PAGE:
Remember: You Can Lead a Horse to Water, But You Can’t Make It Drink

There is a fascinating statue of Seneca and Nero done by the Spanish sculptor Eduardo Barrón in 1904. Even though it depicts a scene centuries after the fact, it manages to capture the timeless elements of the two men’s characters. Seneca, well into old age, sits with his legs crossed, draped in a beautiful toga but otherwise unadorned. Spread across his lap and onto the simple bench is a document he’s written. Maybe it’s a speech. Maybe it’s a law being debated by the Senate. Maybe it’s the text of his essay and warning to Nero, Of Clemency. His fingers point to a spot in the text. His body language is open. He is trying to teach.  He is wisdom embodied, hoping to instill in his young charge the seriousness of the tasks before him. 

Nero, sitting across from Seneca, is nearly the opposite of his advisor in every way. He is hooded, sitting in a throne-like chair. A fine blanket rests behind him. He’s wearing jewelry. His expression is sullen—both fists are clenched and one rests on his temple as if he can’t bring himself to pay attention. He is looking down at the ground. His feet are tucked behind him, crossed at the ankles. He knows he should be listening, but he isn’t. He’d rather be anywhere else. Soon enough, he is thinking, I won’t have to endure these lectures. Then I’ll be able to do whatever I want.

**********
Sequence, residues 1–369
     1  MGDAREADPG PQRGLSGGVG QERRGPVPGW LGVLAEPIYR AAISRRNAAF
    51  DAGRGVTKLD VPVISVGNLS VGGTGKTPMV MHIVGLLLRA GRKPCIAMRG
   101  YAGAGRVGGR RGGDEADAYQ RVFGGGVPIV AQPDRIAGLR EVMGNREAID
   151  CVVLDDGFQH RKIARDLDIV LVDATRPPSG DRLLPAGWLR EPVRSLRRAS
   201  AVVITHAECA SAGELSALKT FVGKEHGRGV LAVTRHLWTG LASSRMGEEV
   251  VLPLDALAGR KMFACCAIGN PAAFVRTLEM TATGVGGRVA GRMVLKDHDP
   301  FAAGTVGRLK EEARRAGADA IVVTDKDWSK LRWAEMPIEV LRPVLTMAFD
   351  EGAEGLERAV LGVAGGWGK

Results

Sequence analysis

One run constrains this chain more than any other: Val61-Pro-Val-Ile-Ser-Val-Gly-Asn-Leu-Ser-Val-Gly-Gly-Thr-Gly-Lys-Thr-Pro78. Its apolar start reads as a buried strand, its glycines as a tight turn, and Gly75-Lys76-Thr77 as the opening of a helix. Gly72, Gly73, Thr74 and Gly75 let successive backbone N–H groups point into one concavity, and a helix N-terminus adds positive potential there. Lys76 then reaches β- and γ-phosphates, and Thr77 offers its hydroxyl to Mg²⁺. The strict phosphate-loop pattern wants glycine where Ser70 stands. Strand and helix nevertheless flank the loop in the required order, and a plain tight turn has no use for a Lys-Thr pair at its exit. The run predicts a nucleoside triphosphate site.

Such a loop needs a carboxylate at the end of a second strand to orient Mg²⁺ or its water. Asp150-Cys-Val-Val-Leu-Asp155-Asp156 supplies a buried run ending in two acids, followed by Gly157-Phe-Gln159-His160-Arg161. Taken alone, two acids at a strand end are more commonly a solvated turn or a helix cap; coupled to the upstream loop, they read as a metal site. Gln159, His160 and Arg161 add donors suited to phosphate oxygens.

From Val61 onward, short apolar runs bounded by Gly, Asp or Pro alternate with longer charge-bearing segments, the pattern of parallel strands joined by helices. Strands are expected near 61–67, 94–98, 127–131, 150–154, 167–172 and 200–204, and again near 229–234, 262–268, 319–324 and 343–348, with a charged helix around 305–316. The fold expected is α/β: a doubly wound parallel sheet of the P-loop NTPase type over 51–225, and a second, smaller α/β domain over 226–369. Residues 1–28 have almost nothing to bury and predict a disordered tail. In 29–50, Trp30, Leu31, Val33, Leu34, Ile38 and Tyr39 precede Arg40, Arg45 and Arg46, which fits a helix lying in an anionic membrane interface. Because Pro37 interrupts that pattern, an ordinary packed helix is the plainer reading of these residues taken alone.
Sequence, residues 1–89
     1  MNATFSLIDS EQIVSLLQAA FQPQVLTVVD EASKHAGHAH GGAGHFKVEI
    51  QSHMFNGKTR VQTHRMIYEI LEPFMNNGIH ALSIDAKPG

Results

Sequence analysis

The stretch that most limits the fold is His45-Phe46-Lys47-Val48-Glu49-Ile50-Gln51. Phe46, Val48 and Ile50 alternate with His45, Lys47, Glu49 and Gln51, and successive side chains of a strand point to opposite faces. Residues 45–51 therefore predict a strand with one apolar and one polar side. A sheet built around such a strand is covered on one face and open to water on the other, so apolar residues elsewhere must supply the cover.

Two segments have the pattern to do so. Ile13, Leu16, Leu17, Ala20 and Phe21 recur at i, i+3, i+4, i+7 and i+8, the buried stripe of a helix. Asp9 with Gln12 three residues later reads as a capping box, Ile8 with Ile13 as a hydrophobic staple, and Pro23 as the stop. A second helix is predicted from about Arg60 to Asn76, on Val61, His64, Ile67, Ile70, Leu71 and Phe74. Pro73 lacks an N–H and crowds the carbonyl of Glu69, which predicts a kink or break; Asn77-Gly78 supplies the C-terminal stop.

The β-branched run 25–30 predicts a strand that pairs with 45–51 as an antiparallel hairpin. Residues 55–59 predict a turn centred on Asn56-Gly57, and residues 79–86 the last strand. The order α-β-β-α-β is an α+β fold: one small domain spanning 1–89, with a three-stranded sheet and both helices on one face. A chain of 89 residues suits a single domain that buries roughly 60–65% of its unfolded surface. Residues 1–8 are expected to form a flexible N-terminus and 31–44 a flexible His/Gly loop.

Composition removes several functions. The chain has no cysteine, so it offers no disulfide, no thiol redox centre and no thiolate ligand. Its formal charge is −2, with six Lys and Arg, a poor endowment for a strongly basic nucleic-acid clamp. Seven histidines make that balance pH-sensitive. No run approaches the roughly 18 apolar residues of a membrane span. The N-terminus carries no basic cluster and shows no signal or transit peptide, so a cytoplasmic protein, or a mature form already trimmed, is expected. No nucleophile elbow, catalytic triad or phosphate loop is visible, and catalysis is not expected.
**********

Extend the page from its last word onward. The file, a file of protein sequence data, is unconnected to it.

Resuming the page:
Seneca can clearly see this body language, and yet he proceeds. He proceeded for many years, in fact. Why? Because he hoped some of it—any of it—would get through. Because he knew the stakes were high. Because he knew his job was to try, and he was going to die trying (indeed, he did) to teach Nero to be good. 

In the end, Seneca made only minimal impact on Nero, a man who was clearly deranged and had little interest in being a good emperor. Seneca lost much of his reputation in the process of working for Nero (criticism which has merit). But another way to see this exchange—and perhaps that’s what Eduardo Barron intended—is that it’s an illustration of a Stoic lesson: You can lead a horse to water, but you can’t make them drink. You control what you do and say, not whether people listen. 

All a Stoic can do is show up and do our work. And we have to keep showing up, even if we are rebuffed, scorned, or ignored. Because the work is important.

P.S. This was originally sent on December 20, 2019. Sign up today for the Daily Stoic’s email and get our popular free 7-day course on Stoicism.